Maureen’s main focus as Grand Bard is to prevent Cornish culture from being overlooked or superimposed through ignorance. She feels her role means, “meeting people who are in a position to guard our way of life and move it forward. It means being vigilant and responding immediately to attempts to change our landscape or way of life”. Maureen’s aim is that by the time she leaves office “I will have made a difference”.
Brian Chenoweth was Barded in 2003 after spending many years as the chairman of the Cornish Pilot Gig Association. They shaped the sport of Gig Rowing to be what it is today with many clubs and boats in Cornwall and also in other UK counties and even in Europe. Now he is retired Brian spends his time sailing the Falmouth Working Boat and singing Cornish songs. His Bardic name is “Mor Kasor” (Sea Warrior).
Brian’s surname of “Chenoweth” means “new house” in Cornish and he has a family coat of arms that dates from 1066, so he has a very close bond with Cornwall. He supports the continuation of the Gorsedh and protecting the history and language of Cornwall for future generations to learn. Brian believes in the possibility of Cornwall one day being recognized as a Celtic nation by Britain and Europe.
Brian says being awarded Bardship was the “proudest moment of his life” and he plans to, “never stop singing Cornish songs, never to stop reading Cornish history and to never stop loving my Cornwall.”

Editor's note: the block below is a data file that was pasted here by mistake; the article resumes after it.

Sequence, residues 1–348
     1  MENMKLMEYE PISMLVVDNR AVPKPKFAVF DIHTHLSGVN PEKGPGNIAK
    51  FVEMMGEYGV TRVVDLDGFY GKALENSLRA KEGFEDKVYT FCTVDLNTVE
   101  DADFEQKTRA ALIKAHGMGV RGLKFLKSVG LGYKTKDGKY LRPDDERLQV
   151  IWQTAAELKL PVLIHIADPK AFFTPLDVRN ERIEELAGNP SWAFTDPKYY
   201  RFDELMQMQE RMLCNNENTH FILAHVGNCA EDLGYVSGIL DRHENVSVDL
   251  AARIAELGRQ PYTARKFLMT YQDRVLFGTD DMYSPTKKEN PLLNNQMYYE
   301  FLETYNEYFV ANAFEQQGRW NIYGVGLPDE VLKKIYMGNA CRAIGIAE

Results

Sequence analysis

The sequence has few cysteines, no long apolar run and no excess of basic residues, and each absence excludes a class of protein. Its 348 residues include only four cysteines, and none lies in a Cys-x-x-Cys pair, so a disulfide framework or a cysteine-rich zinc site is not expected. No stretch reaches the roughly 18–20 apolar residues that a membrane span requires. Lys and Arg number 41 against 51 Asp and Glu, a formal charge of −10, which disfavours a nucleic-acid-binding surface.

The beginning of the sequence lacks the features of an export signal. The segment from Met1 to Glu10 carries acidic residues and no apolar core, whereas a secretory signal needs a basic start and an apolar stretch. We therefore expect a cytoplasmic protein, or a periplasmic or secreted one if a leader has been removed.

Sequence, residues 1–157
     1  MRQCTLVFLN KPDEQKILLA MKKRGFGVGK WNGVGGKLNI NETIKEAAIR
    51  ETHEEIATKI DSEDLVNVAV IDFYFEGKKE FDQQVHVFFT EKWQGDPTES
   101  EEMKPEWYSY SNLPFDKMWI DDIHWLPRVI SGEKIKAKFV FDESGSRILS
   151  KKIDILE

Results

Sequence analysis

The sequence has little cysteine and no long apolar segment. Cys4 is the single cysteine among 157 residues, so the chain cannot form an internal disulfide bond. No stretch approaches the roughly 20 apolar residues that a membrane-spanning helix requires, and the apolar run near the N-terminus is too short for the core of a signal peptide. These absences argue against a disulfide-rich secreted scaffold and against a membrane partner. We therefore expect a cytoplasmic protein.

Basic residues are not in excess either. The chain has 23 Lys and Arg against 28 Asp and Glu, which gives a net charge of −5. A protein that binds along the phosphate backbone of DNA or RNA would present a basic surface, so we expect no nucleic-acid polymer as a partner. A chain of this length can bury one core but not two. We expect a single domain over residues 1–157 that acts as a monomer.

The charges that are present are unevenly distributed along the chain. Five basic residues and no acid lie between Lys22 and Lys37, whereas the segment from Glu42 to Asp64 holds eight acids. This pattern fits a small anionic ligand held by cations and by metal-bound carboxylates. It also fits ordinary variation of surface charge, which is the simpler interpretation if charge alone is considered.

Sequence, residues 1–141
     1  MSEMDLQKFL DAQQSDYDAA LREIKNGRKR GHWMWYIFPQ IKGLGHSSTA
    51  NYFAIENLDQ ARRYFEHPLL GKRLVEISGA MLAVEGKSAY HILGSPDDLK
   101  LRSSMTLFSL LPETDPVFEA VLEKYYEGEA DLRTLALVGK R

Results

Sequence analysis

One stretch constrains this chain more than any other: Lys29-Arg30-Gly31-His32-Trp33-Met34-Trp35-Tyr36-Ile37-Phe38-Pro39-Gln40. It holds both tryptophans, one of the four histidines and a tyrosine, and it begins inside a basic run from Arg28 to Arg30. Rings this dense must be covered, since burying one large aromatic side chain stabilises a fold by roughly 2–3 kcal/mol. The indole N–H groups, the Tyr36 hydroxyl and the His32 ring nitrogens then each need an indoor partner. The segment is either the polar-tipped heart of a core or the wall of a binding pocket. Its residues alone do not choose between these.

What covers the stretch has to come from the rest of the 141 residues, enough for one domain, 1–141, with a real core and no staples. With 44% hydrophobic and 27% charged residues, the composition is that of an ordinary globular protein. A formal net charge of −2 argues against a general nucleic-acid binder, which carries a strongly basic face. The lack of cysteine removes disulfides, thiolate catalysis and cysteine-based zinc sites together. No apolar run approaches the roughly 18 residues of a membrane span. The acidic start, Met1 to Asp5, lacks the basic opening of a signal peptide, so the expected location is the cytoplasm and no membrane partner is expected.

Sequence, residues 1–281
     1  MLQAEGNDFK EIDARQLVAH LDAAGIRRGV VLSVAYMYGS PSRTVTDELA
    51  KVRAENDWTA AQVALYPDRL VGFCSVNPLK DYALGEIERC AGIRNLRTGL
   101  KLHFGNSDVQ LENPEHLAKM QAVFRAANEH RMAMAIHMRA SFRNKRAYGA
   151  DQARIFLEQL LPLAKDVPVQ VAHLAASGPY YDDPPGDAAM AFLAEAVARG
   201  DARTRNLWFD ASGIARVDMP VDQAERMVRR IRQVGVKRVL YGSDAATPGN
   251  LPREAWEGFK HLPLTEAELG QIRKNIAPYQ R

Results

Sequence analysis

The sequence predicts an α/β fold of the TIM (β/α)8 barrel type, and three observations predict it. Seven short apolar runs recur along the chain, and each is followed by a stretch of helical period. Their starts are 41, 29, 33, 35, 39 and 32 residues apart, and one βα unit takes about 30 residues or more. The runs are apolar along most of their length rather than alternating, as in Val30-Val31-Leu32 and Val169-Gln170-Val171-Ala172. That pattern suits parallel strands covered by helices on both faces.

Colin Roberts was Barded in 2007 for services to Cornish cultures overseas, including work with wrestling and work with festivals. His Bardic name is “Mab Sen Kolomm” (Son of St Columb). He lived in Australia for 23 years and while he was there he became aware of the overseas Cornish groups. He then reintroduced Cornish wrestling in Australia and won the national championship in 2000. Cornish wrestling had originally been spread to the USA, Australia and South Africa by emigrating Cornish miners in the latter part of the 19th century as they went abroad to find work.
The Cornish style of wrestling is thought to date back over two thousand years. In Cornish wrestling, in common with other styles of Celtic wrestling, the aim is to throw your opponent upon his back from the standing position, with no mauling or holding on the ground. This stand up style places the emphasis on skill rather than superior weight or strength. In past times these skills would have been passed on from father to son or friend to friend. Before tournaments, the wrestlers line up and take the wrestlers' oath: